Housing Equity Withdrawal

Housing Equity Withdrawal

Housing Equity Withdrawal: Source: B of E

This graph shows the decline in housing Equity withdrawal since UK house prices started to fall.

Housing equity withdrawal (MEW) is new borrowing secured on dwellings that is not invested in the housing market (e.g. not used for house purchase or home improvements). From Q1 2007 this is called Housing equity withdrawal (HEW) rather than its old name of Mortgage Equity Withdrawal.

When House prices are rising people can remortgage their house

Suppose someone buys a House for £100,000 with a 10% deposit and £90,000 mortgage. If the house price rose to £150,000, banks might be willing to lend a mortgage equal to 90% of the new value. Therefore the homeowner could take out a mortgage for £135,000. Therefore, the homeowners gets a new mortgage for £135,000 giving them an extra £45,000 to spend (e.g. buy luxury items such as a new car or yacht.)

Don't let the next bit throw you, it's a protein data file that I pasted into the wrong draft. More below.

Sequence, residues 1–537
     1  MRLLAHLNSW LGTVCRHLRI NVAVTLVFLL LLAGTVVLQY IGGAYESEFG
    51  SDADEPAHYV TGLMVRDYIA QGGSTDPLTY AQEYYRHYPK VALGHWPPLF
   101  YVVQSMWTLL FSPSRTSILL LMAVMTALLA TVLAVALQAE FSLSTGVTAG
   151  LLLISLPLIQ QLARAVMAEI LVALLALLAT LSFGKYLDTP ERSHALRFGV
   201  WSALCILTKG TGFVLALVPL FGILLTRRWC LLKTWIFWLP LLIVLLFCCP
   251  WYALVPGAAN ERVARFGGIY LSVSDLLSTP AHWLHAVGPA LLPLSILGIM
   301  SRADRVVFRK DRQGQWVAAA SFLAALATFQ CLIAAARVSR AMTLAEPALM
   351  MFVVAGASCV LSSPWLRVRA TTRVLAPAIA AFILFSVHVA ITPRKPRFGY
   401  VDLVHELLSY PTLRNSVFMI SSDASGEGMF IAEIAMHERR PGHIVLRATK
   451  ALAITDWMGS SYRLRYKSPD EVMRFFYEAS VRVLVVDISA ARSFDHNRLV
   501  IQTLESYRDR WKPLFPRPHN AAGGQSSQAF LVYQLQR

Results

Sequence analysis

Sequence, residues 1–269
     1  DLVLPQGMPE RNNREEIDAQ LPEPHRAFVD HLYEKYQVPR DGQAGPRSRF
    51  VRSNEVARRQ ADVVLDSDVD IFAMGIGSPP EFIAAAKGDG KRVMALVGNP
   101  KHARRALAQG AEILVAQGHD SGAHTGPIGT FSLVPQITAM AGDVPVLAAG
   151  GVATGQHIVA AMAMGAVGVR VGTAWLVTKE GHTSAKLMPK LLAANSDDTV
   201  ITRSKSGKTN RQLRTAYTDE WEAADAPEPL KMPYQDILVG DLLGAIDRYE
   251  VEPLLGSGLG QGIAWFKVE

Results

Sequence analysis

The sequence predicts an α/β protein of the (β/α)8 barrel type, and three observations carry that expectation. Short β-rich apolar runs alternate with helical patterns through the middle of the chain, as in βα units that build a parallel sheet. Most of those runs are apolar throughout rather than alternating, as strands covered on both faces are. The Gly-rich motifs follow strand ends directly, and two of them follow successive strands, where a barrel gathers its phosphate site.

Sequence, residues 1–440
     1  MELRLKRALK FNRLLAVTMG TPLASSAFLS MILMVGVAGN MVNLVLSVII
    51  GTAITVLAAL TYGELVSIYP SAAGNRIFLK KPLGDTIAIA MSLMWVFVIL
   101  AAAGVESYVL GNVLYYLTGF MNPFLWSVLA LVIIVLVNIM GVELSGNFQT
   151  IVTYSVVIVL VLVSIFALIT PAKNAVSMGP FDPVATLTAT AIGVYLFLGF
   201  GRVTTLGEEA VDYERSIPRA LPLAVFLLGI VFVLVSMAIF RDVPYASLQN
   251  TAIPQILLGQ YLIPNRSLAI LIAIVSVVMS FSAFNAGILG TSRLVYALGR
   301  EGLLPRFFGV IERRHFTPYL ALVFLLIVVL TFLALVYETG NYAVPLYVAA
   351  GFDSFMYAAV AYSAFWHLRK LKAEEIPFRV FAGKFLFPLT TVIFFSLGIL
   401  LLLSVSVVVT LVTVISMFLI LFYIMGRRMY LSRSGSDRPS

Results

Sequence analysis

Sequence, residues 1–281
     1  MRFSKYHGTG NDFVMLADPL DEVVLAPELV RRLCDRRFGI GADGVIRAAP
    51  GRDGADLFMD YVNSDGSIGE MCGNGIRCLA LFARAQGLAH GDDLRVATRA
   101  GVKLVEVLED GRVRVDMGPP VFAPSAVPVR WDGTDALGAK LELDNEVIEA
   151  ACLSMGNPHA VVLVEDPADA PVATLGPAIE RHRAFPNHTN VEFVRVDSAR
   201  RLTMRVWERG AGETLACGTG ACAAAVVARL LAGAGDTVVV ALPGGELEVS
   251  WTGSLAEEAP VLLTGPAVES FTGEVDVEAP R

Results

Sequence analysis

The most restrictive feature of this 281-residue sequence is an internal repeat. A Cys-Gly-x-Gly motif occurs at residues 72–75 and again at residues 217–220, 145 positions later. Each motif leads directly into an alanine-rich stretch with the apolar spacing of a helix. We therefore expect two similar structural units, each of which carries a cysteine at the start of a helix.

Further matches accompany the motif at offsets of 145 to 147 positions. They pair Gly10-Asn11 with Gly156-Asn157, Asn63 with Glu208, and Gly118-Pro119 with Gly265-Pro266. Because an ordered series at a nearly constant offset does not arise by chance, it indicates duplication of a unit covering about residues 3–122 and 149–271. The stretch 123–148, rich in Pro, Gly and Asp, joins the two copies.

When house prices are falling people can no longer borrow extra. But, people may seek to overpay their mortgage to help reduce the amount that they owe.

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